09 Who Should the Dog Fear?
Something was bothering me that I could not put my fangs into.
I had it!
Euphemia had said that Tulip hid things in her armoire. I had heard her words clearly, but had processed them wrong. I thought Euphemia was referring to the trap door I’d found, but she wasn’t. She was referring to a second hiding spot. I bounded to Tulip’s apartment. It was still guarded by the Rottweiler, who recognized me and let me in. Knowing what to look for, I found it in an instant. The trap door under the armoire was long and shallow. I opened it breathlessly.
I found one piece of paper: it was Trouble’s letter to Tulip, a draft of which I’d seen in the feral’s apartment. It began with a quotation from the Keats’ poem,
She took me to her feline grot,
And there she wept, and sigh’d fill sore,
And there I shut her wild eyes
With kisses four.
And there she lulled me asleep,
And there I dream’d—Ah! woe betide!
The latest dream I ever dream’d
On the cold hill’s side.
I saw dark toms and mollys too,
Dark cats, death-dark were they all;
I cried – La Belle Dam sans Merci
Hath me in thrall!
Below the poem was one word written with Trouble’s wild paw, Adieu.
I heard a sound of Mittens’ conversing with the Rottweiler, four floors below. Then I heard pawsteps on the balcony.
I carefully replaced the evidence and raced down the fire escape to the street. From a vantage behind a fire hydrant I watched Euphemia enter Tulip’s apartment from the balcony, while Mittens fumbled with the latches on the main door. Euphemia was two leaps ahead of Mittens. She scampered down the fire escape with Trouble’s letter in her mouth just as Mittens’ entered the apartment.
I thought of chasing Euphemia but let it be. I needed a break. Besides, I suspected I had enough evidence to solve this case right now. All I needed was time to think.
I strolled into the rush hour crowd and lost myself in thought. There are notable differences in the ways mammals murder. For felines, killing is aesthetic. How many cat murderers are captured because their victims have been too elegantly dispatched? In contrast, elephant murderers most often act out of passion. Most eliphantidae murderers are gentle souls before they snap, and rampage. In the middle of this spectrum is the grey area of canines. Dog violence is almost always committed by alphas and their challengers. Less common, but common enough, is the canine murderer who – alienated from his pack – becomes unhinged. Tulip’s murder looked like the work of a packiopathic dog, but who? Bull ruled a pack and Fitch was too beta.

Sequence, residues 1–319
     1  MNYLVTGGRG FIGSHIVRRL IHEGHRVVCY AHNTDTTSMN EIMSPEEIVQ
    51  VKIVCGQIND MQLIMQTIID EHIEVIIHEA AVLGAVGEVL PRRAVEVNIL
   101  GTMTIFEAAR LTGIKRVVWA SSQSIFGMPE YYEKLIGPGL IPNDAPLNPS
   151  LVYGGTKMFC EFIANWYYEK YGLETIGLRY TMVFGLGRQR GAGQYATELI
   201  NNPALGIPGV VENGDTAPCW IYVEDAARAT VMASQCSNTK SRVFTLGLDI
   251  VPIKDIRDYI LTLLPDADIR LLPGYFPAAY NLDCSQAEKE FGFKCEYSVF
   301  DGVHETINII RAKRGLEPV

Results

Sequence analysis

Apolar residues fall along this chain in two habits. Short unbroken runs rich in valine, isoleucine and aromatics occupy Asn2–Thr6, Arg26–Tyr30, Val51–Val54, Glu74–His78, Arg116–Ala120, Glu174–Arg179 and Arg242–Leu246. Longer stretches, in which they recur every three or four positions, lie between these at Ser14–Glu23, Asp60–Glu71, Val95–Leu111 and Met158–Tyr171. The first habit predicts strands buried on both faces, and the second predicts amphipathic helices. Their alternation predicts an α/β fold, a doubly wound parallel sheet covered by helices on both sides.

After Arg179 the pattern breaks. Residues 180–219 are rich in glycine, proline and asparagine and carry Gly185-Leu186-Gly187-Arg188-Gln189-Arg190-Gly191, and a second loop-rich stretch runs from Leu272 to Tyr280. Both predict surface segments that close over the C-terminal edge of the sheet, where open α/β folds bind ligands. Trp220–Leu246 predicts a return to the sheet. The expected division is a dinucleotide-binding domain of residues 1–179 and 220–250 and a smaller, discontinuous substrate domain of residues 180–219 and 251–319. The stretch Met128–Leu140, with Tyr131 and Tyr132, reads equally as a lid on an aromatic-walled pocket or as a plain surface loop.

What about the fang marks on Tulip’s throat that Trouble had made? Had their mating last Tuesday been fatally rough? Perhaps, but I didn’t think so, and never had. The punctures made by Trouble’s fangs on Tulip’s throat were like paper cuts – or love bites – compared with the damage elsewhere on her body. If Trouble hadn’t murdered Tulip with his fangs, he certainly hadn’t done so with a weapon.
That left Euphemia, the jealous sister, or … a rat …? I didn’t know.
I decided to dine alone. I felt like a carnivore tonight so I went to an excellent cat-run establishment in Mont-Royal. Cats, by any dog standard, are sociopaths, but it is undeniable that they have their society. The restaurant I dined at, Bou bou’s, was at the centre of that society.
Bou bou’s caters primarily to felines, so most of the seating was either raised or hidden. That left the main floor to dogs. Because Boubou’s caters to carnivores, many courses, particularly of small rodents, were not served dead, but rather were released into a hunting room in the back, to be killed and eaten fresh. I needed a break from hunting, so ordered a rare cow steak, pre-killed. I ate my dinner in a shadowy corner on the main floor, doing my best not to be noticed.
The food was excellent but the high pitched squeals of tormented prey gave me a heartache, so I ate quickly, paid, and then went for a walk. Somehow I managed to wind up on a side street full of tattoo parlours, which given my temperament at that moment, was one of the worst places for me to be.